The Language of initial Literacy in a Cosmopolitan Enviroment: A Case of Cinyanja in Lusaka District
Mwanza, David Sani
MetadataShow full item record
The language-in-education policy in Zambia is that in grade one, the language of instruction for initial literacy is the familiar local language spoken in an area. From grade two onwards, the language of instruction is English. However, there are regions such as Lusaka which is cosmopolitan; with so many people from different ethnic backgrounds yet Cinyanja is the language of initial literacy based on the assumption that it is the language of play in the district.It was from this background that a study was conducted. The purpose of the study was to find out if Cinyanja was appropriate for use as a language of initial literacy in Lusaka considering the fact that Lusaka was a cosmopolitan environment. The research design was a case study. Both qualitative and quantitative methods of data collection were used. Interview guides, lesson observation checklists and a familiar language test were administered.The target population consisted of all the government basic schools in Lusaka District, all the grade one teachers and all the grade one pupils. The sample consisted of 6 basic schools, 6 head teachers, 38 grade one teachers, 120 pupils from the 6 schools were tested and all the grade one pupils in the 6 sampled schools were part of the sample. The data was analysed qualitatively. It was grouped into identified themes according to research objectives. The findings revealed that Cinyanja was the language of play in high and medium density areas and the dominant language of play in the low density area was English. However, other languages such as Bemba, Tonga and Nsenga were also spoken by children during play. Some respondents added that Cinyanja was not a language of play to all the children in Lusaka District, neither was it a language of play in all the residential areas in the district In addition, it was found out that there were a lot of differences between the Cinyanja spoken at play in Lusaka District and the one which was officially recognized in schools. Therefore, there was a mismatch between the Cinyanja spoken by children during play and the one recognized in schools. Both teachers and pupils were not proficient in Standard Nyanja. It was also revealed that Standard Nyanja recognized in schools was not appropriate as a sole language of initial literacy in Lusaka district.In view of the findings, the following recommendations were made: Cinyanja should not be the sole language of initial literacy in Lusaka District. The District Education Board Secretary’s office should be allowed to conduct surveys and decide which languages should be used. Teachers in Lusaka should not be forced to teach grade one if they do not know how to speak Cinyanja. It is only logical that a teacher of initial literacy should know the language of instruction. There is need for the Ministry of Education to urgently review the languge of initial literacy in Lusaka. The Ministry of Education should consult teachers and parents when it comes to the selection of the language of initial literacy in an area.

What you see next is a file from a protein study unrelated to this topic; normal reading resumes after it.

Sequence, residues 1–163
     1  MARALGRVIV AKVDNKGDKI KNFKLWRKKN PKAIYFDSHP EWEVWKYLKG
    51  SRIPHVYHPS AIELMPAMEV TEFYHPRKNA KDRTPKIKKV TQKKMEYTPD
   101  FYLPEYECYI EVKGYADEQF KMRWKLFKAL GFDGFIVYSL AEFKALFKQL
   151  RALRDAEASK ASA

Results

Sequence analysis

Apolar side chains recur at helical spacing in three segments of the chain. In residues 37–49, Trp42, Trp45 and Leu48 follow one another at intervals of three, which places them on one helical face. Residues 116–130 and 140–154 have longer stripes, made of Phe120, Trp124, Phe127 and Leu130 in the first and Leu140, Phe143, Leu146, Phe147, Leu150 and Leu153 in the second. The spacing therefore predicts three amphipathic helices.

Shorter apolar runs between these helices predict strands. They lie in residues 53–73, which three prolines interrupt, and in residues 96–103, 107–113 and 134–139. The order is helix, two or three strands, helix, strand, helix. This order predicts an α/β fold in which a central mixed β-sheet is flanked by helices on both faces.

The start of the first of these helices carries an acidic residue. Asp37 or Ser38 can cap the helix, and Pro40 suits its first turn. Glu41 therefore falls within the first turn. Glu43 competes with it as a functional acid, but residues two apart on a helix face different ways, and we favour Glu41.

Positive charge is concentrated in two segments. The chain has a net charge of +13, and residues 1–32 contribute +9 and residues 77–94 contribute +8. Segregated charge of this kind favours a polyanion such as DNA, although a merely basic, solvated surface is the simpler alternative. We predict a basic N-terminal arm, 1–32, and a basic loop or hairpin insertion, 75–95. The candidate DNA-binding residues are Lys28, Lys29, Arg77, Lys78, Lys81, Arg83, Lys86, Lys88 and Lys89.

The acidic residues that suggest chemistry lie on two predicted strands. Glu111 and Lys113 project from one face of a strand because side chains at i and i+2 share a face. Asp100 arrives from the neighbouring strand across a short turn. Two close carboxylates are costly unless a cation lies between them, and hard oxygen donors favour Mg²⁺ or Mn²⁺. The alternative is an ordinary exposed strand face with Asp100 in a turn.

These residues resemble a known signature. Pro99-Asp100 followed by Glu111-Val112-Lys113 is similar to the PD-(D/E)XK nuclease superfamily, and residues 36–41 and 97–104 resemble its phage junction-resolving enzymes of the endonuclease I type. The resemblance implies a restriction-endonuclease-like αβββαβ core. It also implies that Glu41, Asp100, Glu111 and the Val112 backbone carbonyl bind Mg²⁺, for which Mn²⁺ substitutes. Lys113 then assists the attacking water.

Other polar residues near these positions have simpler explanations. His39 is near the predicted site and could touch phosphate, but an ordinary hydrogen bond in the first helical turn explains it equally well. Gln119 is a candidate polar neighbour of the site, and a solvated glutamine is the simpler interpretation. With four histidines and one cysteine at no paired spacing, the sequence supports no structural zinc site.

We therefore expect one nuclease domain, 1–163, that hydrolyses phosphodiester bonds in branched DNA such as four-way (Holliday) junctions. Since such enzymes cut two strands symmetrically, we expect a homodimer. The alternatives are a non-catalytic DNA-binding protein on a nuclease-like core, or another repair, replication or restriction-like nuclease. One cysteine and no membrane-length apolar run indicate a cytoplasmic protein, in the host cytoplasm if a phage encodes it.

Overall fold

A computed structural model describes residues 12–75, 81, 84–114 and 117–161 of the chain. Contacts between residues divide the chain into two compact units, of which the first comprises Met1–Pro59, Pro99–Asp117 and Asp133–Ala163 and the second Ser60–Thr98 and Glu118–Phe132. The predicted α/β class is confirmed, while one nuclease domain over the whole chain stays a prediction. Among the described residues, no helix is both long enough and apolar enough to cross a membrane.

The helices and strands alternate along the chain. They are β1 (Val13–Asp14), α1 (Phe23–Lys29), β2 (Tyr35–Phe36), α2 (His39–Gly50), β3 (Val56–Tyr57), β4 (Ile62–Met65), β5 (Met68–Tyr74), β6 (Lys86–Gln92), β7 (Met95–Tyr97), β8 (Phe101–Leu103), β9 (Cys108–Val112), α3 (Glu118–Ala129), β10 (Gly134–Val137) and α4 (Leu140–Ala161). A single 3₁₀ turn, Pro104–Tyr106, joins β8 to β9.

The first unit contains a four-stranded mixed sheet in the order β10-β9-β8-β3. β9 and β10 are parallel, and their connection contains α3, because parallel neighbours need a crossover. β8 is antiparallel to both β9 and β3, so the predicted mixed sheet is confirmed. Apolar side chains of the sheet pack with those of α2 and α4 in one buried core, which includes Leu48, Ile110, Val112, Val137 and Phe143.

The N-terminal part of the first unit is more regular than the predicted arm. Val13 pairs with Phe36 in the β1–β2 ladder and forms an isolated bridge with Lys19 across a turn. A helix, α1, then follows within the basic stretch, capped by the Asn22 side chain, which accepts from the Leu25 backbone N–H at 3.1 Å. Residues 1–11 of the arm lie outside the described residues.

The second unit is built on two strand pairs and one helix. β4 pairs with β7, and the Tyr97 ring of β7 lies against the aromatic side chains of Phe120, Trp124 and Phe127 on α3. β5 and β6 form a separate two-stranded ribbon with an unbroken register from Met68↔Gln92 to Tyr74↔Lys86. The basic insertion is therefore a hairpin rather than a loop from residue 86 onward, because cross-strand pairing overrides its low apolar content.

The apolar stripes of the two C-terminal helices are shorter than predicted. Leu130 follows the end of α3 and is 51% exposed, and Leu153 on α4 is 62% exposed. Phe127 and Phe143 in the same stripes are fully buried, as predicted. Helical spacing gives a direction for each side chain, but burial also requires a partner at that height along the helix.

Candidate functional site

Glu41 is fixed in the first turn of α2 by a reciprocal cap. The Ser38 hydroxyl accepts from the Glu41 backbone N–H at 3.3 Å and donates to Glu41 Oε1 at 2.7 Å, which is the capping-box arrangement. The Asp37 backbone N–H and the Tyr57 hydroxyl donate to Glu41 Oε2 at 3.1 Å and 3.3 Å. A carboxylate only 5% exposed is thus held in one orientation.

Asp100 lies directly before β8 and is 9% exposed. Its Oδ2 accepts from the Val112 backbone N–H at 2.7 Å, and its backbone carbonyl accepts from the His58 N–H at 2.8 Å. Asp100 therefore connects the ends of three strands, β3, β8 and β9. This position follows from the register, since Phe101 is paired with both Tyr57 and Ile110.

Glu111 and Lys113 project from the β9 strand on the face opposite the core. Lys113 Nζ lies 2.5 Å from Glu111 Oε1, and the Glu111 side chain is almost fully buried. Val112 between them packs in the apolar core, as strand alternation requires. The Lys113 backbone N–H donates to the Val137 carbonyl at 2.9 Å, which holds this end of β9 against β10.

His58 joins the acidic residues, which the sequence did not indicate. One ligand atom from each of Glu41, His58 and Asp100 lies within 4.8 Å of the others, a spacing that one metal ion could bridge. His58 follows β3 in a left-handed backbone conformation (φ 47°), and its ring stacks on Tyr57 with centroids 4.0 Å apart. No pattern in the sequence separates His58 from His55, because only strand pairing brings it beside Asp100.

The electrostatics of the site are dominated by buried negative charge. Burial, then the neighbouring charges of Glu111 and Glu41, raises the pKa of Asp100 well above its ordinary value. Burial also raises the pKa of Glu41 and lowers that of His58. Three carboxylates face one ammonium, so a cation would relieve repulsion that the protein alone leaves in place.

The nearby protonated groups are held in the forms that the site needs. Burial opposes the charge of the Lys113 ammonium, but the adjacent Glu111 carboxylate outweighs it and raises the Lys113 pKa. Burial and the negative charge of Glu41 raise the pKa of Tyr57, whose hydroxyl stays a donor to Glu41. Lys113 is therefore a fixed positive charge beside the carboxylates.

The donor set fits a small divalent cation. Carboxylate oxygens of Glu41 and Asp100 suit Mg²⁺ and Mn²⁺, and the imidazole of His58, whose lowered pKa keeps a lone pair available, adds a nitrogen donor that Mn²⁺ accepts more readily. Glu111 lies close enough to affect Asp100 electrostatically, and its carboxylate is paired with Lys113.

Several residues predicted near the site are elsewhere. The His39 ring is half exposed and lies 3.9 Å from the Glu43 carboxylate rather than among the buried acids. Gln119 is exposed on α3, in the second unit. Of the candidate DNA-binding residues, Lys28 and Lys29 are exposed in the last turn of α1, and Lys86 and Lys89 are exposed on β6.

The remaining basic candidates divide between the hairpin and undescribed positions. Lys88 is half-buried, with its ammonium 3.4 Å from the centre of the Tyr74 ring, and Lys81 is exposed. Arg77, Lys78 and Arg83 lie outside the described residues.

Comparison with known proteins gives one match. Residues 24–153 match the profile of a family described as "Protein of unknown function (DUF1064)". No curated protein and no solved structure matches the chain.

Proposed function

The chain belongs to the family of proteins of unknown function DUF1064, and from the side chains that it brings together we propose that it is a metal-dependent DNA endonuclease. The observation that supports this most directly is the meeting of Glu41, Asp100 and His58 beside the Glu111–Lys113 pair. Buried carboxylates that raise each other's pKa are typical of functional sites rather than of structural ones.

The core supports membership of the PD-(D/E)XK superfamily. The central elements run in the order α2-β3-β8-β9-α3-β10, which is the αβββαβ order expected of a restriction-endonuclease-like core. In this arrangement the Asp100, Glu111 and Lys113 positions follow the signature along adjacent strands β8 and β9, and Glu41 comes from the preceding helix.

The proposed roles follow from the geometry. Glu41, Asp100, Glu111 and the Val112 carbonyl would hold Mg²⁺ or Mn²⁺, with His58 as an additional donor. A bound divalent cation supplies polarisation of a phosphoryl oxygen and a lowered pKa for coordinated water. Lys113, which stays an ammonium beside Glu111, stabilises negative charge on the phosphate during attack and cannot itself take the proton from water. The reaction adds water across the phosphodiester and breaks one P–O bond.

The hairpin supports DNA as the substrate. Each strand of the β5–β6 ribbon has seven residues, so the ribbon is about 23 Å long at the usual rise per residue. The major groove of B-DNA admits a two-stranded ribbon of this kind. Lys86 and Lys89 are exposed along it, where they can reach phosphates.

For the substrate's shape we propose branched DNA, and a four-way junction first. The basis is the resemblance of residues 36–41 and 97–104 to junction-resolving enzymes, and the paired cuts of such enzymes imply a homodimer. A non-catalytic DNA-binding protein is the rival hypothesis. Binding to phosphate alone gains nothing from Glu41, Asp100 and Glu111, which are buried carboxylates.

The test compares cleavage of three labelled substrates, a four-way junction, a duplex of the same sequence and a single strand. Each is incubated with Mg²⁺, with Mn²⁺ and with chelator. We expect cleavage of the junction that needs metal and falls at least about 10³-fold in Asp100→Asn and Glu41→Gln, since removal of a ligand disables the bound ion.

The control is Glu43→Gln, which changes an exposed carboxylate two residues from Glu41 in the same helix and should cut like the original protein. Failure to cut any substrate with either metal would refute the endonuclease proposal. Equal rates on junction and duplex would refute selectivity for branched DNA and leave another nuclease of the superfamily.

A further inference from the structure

- Education